While religion may fail to comfort a woman facing infertility and loss, Jewish spirit can still buttress a broken heart.
by Danielle Cantor
Two months before my wedding, a time when most brides are scouring Pinterest and overthinking hors d’oeuvres, I was lobbying my very traditional fiancée to try to make a baby. “But our child could be conceived out of wedlock!” he protested. “Not gonna happen,” I reassured him. “I’m 37; this could take a while. Let’s get a jump on it, shall we?” He relented, and not long after what I’d promised would be a practice run, I stood under the chuppah, six weeks pregnant.
We were shocked, ecstatic, and blinded by a first-timer’s foolish expectation that nothing could possibly go wrong.
At the end of the first trimester, I started to bleed. “I’m so sorry,” the nurse squeezed my foot in the stirrup. “There’s no heartbeat.” The next day I marched out of the hospital with an empty womb and a determined spirit. “Onward!” I told my husband. “We’ll get it right next time.” When I met my newborn niece the following weekend, I counted her tiny toes and felt only joy for my brother and his wife. I fully expected to be pregnant again in no time; a mommy within the year.
My niece is now three years old – and a big sister – and I have since acquired a scar on my belly from an ectopic pregnancy; an abortion clinic's business card with two tiny footprints on the back, which is all I have left of the brain-damaged little girl I lost in the 25th week; and a storage locker full of baby gear that seems less and less likely to fulfill its destiny, at least not with any child of mine. My husband and I have delayed buying a larger home, repurposing our down payment savings into fertility treatment funds, only to learn that my eggs had probably expired before we even met. A relative agreed to donate eggs to us, then changed her mind. I am now 41 years old, empty-handed and broken-hearted. Oh – and 10 pounds overweight. I tell my husband I’ve grown fat from all those fertility drugs, but I’m pretty sure he knows I eat my feelings.
At this point in another woman's story, we might discuss the comforting embrace of God. Crisis does tend to drive people toward religion – but it can also drag them away. While I was never much of a believer to begin with, this journey has turned me upside down and shaken out whatever faith I had like loose change.
After the first couple of losses and setbacks I would think, “Surely it’s my turn now. I've suffered; I’ve bled; I’m due my happy ending.” Then my baby girl died, after I’d felt her kicks and chosen her name, and I wondered if I was being punished. Was it because I’d been a difficult child? Was I selfish or cruel? Maybe I shouldn’t have told my sister the name I’d picked. I knew it was bad luck – did I thumb my nose at fate?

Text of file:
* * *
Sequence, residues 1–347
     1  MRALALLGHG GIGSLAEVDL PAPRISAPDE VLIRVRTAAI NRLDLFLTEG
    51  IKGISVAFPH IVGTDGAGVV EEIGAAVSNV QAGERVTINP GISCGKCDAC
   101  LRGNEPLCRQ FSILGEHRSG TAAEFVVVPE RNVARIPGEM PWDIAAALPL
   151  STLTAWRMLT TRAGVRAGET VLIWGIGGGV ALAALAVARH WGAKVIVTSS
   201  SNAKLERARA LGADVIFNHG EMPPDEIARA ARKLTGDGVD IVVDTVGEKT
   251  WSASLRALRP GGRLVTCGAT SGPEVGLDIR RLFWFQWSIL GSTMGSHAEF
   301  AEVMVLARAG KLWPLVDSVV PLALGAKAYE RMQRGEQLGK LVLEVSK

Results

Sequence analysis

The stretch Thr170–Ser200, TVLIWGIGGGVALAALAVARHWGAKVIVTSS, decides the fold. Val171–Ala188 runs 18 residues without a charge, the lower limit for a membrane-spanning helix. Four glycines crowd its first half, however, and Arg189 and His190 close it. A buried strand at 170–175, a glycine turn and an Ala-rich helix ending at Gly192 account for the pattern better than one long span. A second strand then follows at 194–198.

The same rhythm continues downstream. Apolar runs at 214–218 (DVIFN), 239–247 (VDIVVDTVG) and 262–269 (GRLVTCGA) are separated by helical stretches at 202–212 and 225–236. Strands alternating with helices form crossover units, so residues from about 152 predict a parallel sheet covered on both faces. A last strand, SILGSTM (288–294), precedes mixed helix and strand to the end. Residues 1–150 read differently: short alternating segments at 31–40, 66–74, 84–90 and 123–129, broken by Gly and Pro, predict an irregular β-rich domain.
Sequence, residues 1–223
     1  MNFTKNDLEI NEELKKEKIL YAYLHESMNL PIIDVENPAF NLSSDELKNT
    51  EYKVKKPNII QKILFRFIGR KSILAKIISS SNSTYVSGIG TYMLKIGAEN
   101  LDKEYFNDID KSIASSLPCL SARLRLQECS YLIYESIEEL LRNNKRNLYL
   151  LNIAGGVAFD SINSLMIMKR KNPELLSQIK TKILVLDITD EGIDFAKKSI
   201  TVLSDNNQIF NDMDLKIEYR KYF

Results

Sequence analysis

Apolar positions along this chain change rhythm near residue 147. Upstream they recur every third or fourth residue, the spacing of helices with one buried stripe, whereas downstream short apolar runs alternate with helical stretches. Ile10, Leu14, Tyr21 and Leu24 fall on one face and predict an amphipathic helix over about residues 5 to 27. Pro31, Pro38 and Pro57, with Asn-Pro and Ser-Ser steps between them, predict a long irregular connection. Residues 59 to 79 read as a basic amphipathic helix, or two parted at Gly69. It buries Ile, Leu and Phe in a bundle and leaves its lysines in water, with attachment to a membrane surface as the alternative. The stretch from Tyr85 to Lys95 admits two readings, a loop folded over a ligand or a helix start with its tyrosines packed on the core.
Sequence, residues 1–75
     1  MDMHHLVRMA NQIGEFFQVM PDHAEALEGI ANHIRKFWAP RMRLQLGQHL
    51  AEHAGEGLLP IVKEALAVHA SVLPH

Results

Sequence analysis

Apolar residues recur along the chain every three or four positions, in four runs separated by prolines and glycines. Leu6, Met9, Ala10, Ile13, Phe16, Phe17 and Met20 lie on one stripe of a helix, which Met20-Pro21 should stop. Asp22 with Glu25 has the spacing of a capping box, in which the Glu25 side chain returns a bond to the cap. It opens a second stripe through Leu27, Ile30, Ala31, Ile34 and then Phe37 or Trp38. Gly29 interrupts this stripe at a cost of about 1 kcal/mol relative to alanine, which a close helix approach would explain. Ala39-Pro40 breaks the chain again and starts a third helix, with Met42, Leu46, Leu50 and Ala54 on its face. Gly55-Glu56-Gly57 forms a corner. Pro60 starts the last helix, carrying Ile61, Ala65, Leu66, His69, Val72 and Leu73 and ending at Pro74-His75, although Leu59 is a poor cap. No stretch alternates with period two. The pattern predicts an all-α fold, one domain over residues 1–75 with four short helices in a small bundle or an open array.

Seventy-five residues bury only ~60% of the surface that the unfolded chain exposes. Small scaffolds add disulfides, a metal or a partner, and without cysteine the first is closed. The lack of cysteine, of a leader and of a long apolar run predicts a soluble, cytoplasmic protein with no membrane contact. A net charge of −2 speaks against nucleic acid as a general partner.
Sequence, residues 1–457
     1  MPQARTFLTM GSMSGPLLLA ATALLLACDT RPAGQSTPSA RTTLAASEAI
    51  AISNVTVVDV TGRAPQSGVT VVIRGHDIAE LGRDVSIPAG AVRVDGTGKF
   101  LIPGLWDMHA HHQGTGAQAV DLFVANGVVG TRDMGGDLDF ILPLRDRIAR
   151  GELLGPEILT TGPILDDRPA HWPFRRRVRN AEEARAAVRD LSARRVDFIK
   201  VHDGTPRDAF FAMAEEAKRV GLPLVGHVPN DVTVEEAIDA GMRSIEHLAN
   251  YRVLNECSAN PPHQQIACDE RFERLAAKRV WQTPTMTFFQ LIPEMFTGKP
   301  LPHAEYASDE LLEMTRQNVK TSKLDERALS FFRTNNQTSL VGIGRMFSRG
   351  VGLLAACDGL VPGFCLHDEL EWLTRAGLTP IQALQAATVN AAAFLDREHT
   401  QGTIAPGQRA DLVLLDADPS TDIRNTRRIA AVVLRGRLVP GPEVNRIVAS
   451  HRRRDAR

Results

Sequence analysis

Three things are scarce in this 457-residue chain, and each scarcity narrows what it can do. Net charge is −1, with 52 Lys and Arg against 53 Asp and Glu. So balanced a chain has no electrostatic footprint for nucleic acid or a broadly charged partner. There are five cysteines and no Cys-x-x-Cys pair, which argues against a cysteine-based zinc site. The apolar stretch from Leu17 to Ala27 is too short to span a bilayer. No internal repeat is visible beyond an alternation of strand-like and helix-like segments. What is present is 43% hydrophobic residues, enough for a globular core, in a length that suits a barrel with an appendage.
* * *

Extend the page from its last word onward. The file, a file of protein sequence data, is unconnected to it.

Eventually I settled on the belief that if there was a higher power, it had more pressing concerns, and God, or “the universe,” owed me nothing. We don’t all get what we deserve.
But while Judaism may not have guided me through my crisis, being Jewish certainly did. The Yiddish folk tale I read as a child said it best: "Things could always be worse." That quintessentially Jewish sentiment tethered me to gratitude while I floated around in my grief, feeling forsaken. Jewish pragmatism insisted that I still “thank God”: for modern medicine; for the freedom to choose; for the resources to pay for my abortion; that, late as it was, we learned of the baby’s problems in time to terminate. I wasn’t sure I believed in God, but from the bottom of my Jewish heart I thanked Him while I cursed Him, and it helped me find my balance again. (I also had my grandmother – the only member of her family to leave Auschwitz alive – to periodically remind me, “This is terrible, but it is not a tragedy.”)
My (uncertain) agnosticism afforded me the clarity to weigh quality of life against sanctity of life and make a choice – my own pain of loss over my child's prolonged suffering, if she was to be born – without the crutch of religion. The decision was easy to make, if harder to live with, and I was – I am – grateful for the spiritual freedom.
I will admit, though, that for a while I thought a lot about the soul: Did the baby have one? If she did, was I still her mother, or would she find another body – a healthy one – and become part of someone else's family? Might she return to me one day in another form?
Not long after the abortion, I asked a Chabad rabbi at a Rosh Hashanah dinner if he believed that an unborn baby has a soul. I can’t remember his answer, just that he somehow acquired my phone number and called later that week to ask for my Hebrew name so he could “make a bracha” that my husband and I would be fruitful and multiply.
The following week, I informed my husband that I would not be joining him at Yom Kippur services. Once a good sport about it, this time I could not stare into an open prayer book and gamely sit, stand, and hum along. Whatever sins were in my past, I had decided that God and I were square now, and I was done with the charade.
My husband donned his suit and walked to shul alone. I burrowed into the sofa, clutched the tiny pink cap I had knitted for our daughter, and prayed into the silence:
“Please forgive me, baby girl. You would have suffered so much. I did it because I love you.”
Danielle Cantor is creative director at JWI.